Two Small Projects + Patagonia!
I left on February 18th for a month and a half trip to Argentina and Chile to drink, eat, climb, and backpack. This is a quick writeup of two side projects I worked on for that trip.
I may do a full writeup of both of these projects at a later date. Stay tuned for some climbing and backpacking photos from Patagonia!
Over the Door Hangboard
As part of my rock climbing program, I use a hangboard to train my finger strength. One of the biggest challenges with hangboarding in a small NYC apartment is figuring out how to mount it. My current apartment doesn’t have enough space above any of the doors to mount a hangboard, nor does it have wooden joists to mount one to.
A few ready-made products exist to mount a hangboard in a doorway, but they are expensive and not very customizable. So, I decided to go the DIY route and mount a hangboard to an over the door pull up bar. Total cost was around $50, not including the hangboard itself.
The hangboard is mounted to a pine board, which has two 1″ pipe flanges attached to it. The end pipes of the pull up bar fit into the flanges.
I drilled holes through the pipe ends and flanges using a tungsten dremel bit, and bolted them together. The edges were finished with JB Weld for good measure.
The board flexes slightly under load, but easily supports my 160 lbs. After of month of semi-daily usage I feel very comfortable with it. However, if I were 20+ lbs heavier I would probably reinforce it by connecting the top of the board to the pipe cross brace with steel plumbers tape at a later date, if necessary.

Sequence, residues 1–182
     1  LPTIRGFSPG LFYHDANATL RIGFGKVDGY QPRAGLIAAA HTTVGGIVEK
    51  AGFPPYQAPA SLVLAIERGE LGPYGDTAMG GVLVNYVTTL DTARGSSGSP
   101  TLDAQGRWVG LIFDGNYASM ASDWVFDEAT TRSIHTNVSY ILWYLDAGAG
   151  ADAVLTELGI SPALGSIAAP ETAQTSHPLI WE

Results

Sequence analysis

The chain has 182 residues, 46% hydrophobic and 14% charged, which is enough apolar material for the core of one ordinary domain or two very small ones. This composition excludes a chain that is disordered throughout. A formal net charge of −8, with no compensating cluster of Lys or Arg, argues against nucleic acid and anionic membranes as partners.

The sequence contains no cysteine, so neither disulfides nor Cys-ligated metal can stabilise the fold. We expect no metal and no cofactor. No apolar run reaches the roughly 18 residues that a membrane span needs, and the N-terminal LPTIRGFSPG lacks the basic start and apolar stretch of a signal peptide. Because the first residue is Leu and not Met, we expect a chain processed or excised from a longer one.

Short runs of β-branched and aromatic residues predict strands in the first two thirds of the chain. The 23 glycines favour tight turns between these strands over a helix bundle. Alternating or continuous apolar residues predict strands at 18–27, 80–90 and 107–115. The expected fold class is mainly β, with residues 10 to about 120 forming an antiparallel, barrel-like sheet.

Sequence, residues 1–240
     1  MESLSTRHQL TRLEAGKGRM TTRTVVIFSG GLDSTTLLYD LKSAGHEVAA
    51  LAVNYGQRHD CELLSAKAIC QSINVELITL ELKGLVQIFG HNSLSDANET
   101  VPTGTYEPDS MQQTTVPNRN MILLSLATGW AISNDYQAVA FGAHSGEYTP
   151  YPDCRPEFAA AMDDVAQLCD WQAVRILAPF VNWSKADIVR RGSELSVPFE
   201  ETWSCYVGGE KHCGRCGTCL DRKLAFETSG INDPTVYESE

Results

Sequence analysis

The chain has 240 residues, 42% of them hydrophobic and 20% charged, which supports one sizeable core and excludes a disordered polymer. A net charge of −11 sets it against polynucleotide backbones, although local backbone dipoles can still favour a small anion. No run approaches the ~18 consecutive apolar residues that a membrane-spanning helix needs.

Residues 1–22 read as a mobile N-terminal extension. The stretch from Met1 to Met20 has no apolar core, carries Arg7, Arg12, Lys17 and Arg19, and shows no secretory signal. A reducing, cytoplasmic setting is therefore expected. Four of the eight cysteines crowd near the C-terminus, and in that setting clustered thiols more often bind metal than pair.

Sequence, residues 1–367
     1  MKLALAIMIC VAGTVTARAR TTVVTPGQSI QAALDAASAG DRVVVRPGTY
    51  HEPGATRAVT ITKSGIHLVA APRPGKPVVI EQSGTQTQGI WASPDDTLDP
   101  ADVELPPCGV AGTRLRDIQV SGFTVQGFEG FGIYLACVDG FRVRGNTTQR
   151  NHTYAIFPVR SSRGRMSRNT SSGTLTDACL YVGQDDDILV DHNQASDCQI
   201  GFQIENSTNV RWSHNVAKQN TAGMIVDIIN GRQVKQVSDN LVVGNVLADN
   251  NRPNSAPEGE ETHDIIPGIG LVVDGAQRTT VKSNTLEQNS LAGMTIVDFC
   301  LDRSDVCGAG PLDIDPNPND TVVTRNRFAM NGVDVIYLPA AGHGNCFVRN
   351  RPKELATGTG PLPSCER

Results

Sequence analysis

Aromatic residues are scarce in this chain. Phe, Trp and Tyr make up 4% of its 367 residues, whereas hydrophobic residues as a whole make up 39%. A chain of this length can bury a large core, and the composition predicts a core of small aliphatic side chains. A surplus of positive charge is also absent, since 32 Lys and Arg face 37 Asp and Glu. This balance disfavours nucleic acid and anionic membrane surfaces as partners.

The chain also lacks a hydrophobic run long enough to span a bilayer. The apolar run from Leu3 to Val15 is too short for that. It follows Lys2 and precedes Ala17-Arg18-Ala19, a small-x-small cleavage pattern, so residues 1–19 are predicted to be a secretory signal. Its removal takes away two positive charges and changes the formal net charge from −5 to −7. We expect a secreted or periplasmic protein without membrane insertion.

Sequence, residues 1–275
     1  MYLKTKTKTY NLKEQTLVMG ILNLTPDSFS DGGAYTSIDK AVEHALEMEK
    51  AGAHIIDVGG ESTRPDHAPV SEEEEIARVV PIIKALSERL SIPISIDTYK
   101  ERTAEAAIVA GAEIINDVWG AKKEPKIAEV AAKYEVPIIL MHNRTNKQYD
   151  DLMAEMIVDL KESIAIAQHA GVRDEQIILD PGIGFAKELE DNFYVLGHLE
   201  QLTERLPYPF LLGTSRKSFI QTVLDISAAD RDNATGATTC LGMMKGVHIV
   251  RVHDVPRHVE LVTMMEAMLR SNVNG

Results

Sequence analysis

Solar Panel USB Charger
One common problem people have in the backcountry these days is keeping all of their various devices charged. I generally carry at least two devices that require a USB charger (headlamp and iPhone), and many people carry more (handheld GPS, smartwatch, etc.).
Like the hangboard mount, there are several existing products on the market for USB solar charging. But, nothing really exists in the cheap (under $30), lightweight (under 10oz) sweet spot I was looking for. So, I went the DIY route with this as well. Total cost $22, total weight 6oz, with a peak power output of 5 volts at 1 amp.
The very simple circuit consists of two solar panels wired in parallel with a diode, connected to a cheap step-up converter. The step-up converter accepts an input of 2.5-5v and outputs a constant 5v @ up to 2A.
The LED glows green when it is receiving enough electricity to charge a device over USB, red when the input voltage is too high, and is off when the input voltage is too low.
Eventually, I plan to glue fabric to the back of the solar panels with a pouch for power bank that is being charged. For the time being, I am hanging it as-is from the back of my backpack while out trekking.